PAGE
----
3 Ways 2018 Will Change UX Design Forever

The simplest metaphor for the next wave of UX design is air.

It’s invisible. It’s everywhere. It conforms to whatever space in which it resides. With the emergence and adoption of natural language/voice interfaces, expanded IOT offerings and machine learning/AI, UX design is poised to adopt those same qualities in 2018.

Invisibility

With the advent of the Amazon Echo, Google Home, and to a lesser extent Siri, the past year finally saw mass adoption of voice-based interfaces. Powered by cloud-based natural language processing, semantic search and a pinch of machine learning, more than 30 million of these devices found residence in American homes in the fourth quarter of 2017.

What could be simpler than an invisible interface? Well, for consumers, maybe, but not necessarily for content providers or UX designers. Moving from a presentation of information to a fluid conversation requires an entirely new mode of thinking, not to mention tagging and syndicating.

Thankfully, to get our collective heads fully engaged in the movement, Amazon has an easy to follow guide to creating an Alexa-friendly voice-based UX, so does Google, with their guide, “Extending the Google Assistant,” which includes a Design Principles and Methodology for conversation design.

Ubiquity

Uncovering information on the internet used to be attached to what we like to call destination behaviors—finding something required having some destination in mind: a URL typed into a browser address bar or a specific app launched on a mobile device. But with voice assistance, you command the information to be delivered to you. It doesn’t matter if you are sitting on the couch, chopping carrots in the kitchen, or singing in the shower. Ultimately, thanks to your smart speaker, you’re commanding information to make you its destination, pulling answers literally out of thin air.

It’s part of a larger trend of the breakdown of separation between data and the environment. Information is becoming an overlay to our everyday experience. Today, it’s a kitchen conversation with a helpful but disembodied Alexa as you slice through a newfound recipe. Tomorrow, it will be a semi-transparent layer of meta-data superimposed over every object in your view through a pair of AR glasses. As UX designers, we will all need to understand that we will less frequently be creating a self-contained experience than crafting an enhancement to more layered, contextually driven data presentations occurring whenever, wherever users happen to be. Which means how we present those layers need to conform to the moment of delivery. Which brings us to wave number three...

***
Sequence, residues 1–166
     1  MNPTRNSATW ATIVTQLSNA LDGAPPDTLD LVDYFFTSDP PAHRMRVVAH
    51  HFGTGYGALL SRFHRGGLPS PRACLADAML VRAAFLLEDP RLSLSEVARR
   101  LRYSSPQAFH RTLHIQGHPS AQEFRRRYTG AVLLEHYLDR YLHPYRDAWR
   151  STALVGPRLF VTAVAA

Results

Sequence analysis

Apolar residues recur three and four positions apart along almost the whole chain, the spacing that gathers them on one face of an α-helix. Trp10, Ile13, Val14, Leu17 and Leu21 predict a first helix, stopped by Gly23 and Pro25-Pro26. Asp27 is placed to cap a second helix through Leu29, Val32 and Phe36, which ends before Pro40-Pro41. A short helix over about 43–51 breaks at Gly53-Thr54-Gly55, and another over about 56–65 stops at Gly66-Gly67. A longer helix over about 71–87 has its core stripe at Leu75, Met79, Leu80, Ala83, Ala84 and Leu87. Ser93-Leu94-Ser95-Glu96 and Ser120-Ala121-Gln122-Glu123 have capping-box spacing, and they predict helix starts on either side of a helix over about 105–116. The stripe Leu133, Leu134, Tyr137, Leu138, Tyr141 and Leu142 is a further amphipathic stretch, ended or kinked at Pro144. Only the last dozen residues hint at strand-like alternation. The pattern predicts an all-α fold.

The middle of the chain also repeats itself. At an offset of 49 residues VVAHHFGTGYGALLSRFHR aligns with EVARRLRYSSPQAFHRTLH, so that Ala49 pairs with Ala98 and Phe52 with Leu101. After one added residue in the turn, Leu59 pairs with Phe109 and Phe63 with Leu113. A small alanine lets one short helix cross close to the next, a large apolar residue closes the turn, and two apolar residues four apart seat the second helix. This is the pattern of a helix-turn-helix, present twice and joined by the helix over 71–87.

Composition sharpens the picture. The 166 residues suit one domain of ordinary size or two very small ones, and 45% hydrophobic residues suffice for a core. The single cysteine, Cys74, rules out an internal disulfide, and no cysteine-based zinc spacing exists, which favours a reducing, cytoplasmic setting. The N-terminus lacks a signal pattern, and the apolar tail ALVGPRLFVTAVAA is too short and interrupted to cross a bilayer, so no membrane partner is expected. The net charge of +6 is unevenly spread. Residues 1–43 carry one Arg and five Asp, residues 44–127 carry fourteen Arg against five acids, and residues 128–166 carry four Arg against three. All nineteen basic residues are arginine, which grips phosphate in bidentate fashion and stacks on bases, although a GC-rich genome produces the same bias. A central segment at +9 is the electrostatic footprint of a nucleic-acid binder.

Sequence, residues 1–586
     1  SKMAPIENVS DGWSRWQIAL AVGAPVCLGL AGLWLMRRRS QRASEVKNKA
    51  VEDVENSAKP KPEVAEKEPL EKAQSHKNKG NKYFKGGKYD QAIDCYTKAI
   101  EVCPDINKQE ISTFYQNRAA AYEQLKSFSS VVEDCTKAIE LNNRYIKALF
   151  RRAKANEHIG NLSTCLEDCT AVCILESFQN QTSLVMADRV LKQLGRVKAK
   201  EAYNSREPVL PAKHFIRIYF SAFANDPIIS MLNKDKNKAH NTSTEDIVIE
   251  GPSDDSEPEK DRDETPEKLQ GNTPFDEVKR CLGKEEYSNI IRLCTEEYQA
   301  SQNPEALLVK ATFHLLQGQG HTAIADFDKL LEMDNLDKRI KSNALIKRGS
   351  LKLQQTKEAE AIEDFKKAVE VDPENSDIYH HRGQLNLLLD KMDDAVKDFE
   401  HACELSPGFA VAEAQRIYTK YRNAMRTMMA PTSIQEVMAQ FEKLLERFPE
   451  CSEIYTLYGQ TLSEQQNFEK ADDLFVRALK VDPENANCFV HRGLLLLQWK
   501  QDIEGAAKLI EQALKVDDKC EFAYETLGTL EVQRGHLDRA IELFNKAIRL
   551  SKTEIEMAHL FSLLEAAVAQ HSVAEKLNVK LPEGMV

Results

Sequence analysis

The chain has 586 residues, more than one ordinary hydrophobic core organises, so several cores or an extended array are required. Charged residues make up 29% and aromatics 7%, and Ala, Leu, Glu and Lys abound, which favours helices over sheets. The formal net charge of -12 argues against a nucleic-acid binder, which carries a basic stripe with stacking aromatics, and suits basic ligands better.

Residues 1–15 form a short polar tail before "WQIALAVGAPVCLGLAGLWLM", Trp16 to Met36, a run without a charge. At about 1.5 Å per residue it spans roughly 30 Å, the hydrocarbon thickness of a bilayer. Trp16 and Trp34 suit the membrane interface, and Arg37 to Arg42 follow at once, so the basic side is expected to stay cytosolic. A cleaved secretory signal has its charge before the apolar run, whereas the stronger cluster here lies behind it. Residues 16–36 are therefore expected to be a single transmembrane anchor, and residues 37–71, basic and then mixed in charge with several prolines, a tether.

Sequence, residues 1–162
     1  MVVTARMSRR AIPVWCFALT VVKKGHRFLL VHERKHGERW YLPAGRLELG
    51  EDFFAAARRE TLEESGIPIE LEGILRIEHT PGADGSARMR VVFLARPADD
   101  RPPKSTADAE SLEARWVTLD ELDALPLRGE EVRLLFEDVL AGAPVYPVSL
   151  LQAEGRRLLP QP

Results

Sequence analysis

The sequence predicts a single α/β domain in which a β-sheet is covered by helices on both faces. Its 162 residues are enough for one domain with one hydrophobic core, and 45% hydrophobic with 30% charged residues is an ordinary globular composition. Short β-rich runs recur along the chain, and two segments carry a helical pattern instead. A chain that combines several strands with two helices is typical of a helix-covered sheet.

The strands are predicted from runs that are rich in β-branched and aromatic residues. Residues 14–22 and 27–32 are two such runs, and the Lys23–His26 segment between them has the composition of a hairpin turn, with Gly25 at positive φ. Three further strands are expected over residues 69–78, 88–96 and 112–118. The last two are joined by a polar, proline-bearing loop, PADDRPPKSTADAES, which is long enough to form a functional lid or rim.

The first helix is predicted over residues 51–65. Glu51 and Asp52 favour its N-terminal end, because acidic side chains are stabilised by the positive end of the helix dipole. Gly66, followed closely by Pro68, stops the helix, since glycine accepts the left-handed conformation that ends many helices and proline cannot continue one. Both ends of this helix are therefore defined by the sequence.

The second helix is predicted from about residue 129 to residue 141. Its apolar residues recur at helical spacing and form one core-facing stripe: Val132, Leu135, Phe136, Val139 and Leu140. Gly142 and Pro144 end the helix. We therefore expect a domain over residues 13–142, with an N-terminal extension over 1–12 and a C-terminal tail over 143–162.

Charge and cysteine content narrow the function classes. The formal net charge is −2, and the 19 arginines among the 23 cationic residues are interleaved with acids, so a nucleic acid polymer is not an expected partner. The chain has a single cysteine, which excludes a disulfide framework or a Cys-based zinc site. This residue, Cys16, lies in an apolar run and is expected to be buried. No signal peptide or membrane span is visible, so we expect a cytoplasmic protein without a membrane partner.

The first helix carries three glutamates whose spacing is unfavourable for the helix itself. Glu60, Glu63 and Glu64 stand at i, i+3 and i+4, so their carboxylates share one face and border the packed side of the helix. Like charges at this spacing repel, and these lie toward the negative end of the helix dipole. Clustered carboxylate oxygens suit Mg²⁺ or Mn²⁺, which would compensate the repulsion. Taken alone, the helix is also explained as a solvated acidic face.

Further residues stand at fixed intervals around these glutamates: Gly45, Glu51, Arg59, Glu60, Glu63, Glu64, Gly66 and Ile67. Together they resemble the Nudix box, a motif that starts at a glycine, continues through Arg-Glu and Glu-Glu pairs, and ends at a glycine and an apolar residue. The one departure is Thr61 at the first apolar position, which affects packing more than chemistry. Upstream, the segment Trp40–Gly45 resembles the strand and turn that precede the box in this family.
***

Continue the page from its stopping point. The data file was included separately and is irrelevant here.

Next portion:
Conformability

Legend has it, that in or around 2002, Jeff Bezos wrote a memo that famously commanded all development within Amazon be built as a service layer API that could be called upon by any other service or process within the company datasphere. For example, if HR wanted a new tool to search the database of employees, that tool would primarily be a fully developed API that could accept requests and return data usable by any other tool that may, at some point in the future, also need access to employee information. In other words, they made it possible for any data source, and the rules to access that data, to be conformable to any future need.

UX designers need to begin to think of journeys as conformable. It’s not enough to assume a user will enter or complete a purchasing journey on some form of responsive web experience. They may be buying through an Amazon Echo or Google Home. Or, they may be telling their voice-assistant driven AR goggles that they want to buy the same pants as a person in their view is wearing, while finding out what other colors are available in that style. The experience you design for that customer is the conversation your ecommerce system is having with the cloud-based virtual assistant that is acting as concierge at that moment.

We need to increase the amount of data abstraction (service layers, APIs, etc.) that we build into our data models and systems today, to prepare, like Jeff Bezos did a decade ago, for any new modes of interaction that may be heading our way.

We’re all taking the road never traveled.

In a world without sign posts, it’s seems expedient to claim we cannot design for a future we can’t fully or clearly see. But the truth is, if we can once again channel the spirit of Jeff Bezos, you may not be able to plan for a single future, but you can better position yourself for all possible futures. As we all undertake our digital transformation, brand experience, customer experience and enterprise activation projects this year, there’s nothing preventing baking in the foundations of tomorrow’s interfaces, or lack thereof, today.